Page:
A traditional mud structure stands in the Malian city of Timbuktu
Al Qaeda-linked Mali Islamists armed with Kalashnikovs and pick-axes destroyed centuries-old mausoleums of saints in the UNESCO-listed city of Timbuktu on Saturday in front of shocked locals, witnesses said.
The Islamist Ansar Dine group backs strict sharia, Islamic law, and considers the shrines of the local Sufi version of Islam to be idolatrous. Sufi shrines have also been attacked by hardline Salafists in Egypt and Libya in the past year, reports Reuters.
The attack came just days after UNESCO placed Timbuktu on its list of heritage sites in danger and will recall the 2001 dynamiting by the Taliban of two 6th-century statues of Buddha carved into a cliff in Bamiyan in central Afghanistan.
"They are armed and have surrounded the sites with pick-up trucks. The population is just looking on helplessly," local journalist Yeya Tandina said by telephone.
Tandina and other witnesses said Ansar Dine had already destroyed the mausoleums of three local saints - Sidi Mahmoud, Sidi El Mokhtar and Alfa Moya - and at least seven tombs.
"The mausoleum doesn't exist anymore and the cemetery is as bare as a football pitch," local teacher Abdoulaye Boulahi said of the Mahmoud burial place.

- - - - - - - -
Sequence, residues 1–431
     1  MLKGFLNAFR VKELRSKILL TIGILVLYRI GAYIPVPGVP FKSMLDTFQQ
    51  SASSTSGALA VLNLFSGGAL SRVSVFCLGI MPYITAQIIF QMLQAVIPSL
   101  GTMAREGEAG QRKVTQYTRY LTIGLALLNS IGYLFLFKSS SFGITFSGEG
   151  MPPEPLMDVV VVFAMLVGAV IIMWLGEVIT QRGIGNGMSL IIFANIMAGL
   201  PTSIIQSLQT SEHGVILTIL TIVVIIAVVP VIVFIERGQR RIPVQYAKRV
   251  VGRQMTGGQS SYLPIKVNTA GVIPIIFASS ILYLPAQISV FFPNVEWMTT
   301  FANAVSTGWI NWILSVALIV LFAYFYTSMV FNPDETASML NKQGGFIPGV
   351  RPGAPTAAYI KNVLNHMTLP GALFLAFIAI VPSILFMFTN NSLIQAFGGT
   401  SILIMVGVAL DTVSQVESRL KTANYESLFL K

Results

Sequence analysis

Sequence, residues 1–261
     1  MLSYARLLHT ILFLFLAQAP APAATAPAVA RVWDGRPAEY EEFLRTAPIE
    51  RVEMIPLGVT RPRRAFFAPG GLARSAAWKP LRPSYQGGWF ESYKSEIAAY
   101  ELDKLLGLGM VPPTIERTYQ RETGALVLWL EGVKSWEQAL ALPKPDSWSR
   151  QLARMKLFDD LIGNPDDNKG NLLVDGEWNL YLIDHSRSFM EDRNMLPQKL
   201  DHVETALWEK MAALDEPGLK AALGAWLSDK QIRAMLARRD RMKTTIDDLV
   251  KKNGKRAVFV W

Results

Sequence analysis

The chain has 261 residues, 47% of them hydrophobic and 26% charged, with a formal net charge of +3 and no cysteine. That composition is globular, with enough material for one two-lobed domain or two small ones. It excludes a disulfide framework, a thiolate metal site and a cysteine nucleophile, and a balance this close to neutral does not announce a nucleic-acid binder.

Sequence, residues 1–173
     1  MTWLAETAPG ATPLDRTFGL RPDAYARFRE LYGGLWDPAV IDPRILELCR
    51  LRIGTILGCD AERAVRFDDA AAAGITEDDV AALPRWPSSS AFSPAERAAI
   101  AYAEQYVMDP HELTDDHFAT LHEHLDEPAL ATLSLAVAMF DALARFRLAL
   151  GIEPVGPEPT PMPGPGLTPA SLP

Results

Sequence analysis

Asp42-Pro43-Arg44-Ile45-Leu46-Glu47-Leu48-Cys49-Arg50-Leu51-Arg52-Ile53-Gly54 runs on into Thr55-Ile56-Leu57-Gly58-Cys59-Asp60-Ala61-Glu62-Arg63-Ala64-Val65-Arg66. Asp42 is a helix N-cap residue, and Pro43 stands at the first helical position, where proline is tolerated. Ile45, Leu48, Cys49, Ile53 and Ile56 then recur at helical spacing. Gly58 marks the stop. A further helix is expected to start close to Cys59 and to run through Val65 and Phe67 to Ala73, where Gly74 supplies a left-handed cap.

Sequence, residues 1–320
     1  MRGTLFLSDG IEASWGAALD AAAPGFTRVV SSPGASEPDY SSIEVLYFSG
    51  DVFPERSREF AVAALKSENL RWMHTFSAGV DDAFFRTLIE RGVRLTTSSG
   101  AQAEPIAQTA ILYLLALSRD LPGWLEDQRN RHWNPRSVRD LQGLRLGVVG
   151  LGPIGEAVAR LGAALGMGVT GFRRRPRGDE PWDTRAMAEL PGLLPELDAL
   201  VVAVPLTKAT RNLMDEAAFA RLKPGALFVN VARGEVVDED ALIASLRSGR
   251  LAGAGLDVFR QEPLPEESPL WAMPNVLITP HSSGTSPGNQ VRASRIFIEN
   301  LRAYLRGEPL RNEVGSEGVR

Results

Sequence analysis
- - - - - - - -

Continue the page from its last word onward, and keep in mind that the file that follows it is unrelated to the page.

"There's about 30 of them breaking everything up with pick-axes and hoes. They've put their Kalashnikovs down by their side. These are shocking scenes for the people in Timbuktu," said Boulahi.
Contacted late on Saturday, Tandina said Ansar Dine had halted the attacks on the holy site. Attempts to contact members of the group were unsuccessful.
Locals said the attackers had threatened to destroy all of the 16 main mausoleum sites by the end of the day. UNESCO Director-General Irina Bokova called for an immediate halt.
"There is no justification for such wanton destruction and I call on all parties engaged in the conflict to stop these terrible and irreversible acts," she said in a statement. The sites date from Timbuktu's Golden Age in the 16th century.
France's Foreign Ministry condemned the attacks on what it called "a part of the soul of this prestigious Sahelian city".
Ansar Dine has gained the upper hand over less well-armed Tuareg-led separatists since the two joined forces to rout government troops and seize control in April of the northern two-thirds of the inland West African state.